3. Different Venues
At present Grand Prix are held on racing circuits with the obvious exception being the ever popular Monaco event that is held on the streets of the world’s favorite tax haven. Why not then hold all Grand Prix in cities? Indeed why not have the races at 8am on a Monday morning with the streets still open to every day traffic? Wouldn’t you like to see a Formula 1 car attempt to weave between buses and commuters as it tries to traverse the rush-hour traffic where you live? I know I would.
4. Mining The Track
Landmines litter the former battlefields of the world still injuring, maiming and killing people long after the conflict they were laid for are over, but randomly placing anti-tank mines under the track of a grand prix would introduce a random element of luck and chance that could easily prevent anyone getting bored watching. You would only need to see but one of the cars get vaporized in a hail of steel shrapnel and explosives to know this was a sport to keep an eye on.
5. Arming The Crowd
The paying public who have been forced to cough up ever larger amounts of money to go and see the sport live, or worse have seen their license or subscription fees wasted on television rights for the coverage, deserve to be more closely involved in the racing and a few lucky ticket winners being given the chance to shoot at the drivers with various weaponry as they whizz by the stands might just be what Formula 1 needs to keep it interesting. I’m gambling news of this facility would boost attendances massively.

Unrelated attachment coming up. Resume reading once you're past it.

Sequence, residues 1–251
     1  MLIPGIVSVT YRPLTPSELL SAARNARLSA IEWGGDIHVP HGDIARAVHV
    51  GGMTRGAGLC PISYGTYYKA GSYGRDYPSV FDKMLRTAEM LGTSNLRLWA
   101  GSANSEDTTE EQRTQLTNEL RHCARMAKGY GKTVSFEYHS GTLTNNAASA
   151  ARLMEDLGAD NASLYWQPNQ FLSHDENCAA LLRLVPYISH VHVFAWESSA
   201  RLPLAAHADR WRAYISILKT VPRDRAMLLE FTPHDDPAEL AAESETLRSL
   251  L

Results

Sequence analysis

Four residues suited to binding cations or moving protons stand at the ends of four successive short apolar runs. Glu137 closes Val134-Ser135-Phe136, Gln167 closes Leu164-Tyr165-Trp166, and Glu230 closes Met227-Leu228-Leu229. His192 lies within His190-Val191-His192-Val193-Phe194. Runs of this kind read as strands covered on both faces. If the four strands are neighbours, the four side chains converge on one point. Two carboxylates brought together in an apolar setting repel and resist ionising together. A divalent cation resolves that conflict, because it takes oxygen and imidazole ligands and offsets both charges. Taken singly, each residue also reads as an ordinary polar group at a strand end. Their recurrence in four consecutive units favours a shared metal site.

6. The Alcohol Equalizer
With one team so much evidently faster than everyone else perhaps Formula 1 should introduce a system of handicapping whereby any driver pulling in for a pitstop well ahead of the rest of the field (like Mercedes this season) would be forced to drink a quantity of alcohol the size of which would be proportionate to their lead. Ten seconds ahead? Take a shot. A minute ahead? Swig a bottle. The same could be achieved with a random lucky-dip affair involving recreational drugs. Don’t you want to see Hamilton and Rosberg duke it out after having had to take LSD? I know I do.
7. The Half & Half Solution
Of course the addition of drugs, firearms and the general public might just be a little too radical for the posh-boy’s racing club so why not just start half the cars facing one way, and the other half facing the other so that they would be racing in opposite directions? The potential for a head on collision would be guaranteed to glue us to our screens and even Finnish gambling laws wouldn’t stop people betting on who would find themselves crumpled on an opponent’s car by lap 10.
These are all good suggestions but alas I doubt Bernie and his chums have either the bottle or insurance coverage to allow such manifestly obvious ideas to come to fruition in a sport that seems determined to make itself as boring as possible for as many people as possible whenever it possibly can. Formula 1 isn’t a dull sport, but it has been made so as safety has taken over from competition. This is a shame because anyone who enters a sport that involves driving a technically fragile car at over 200 mph probably doesn’t care much about their safety anyway.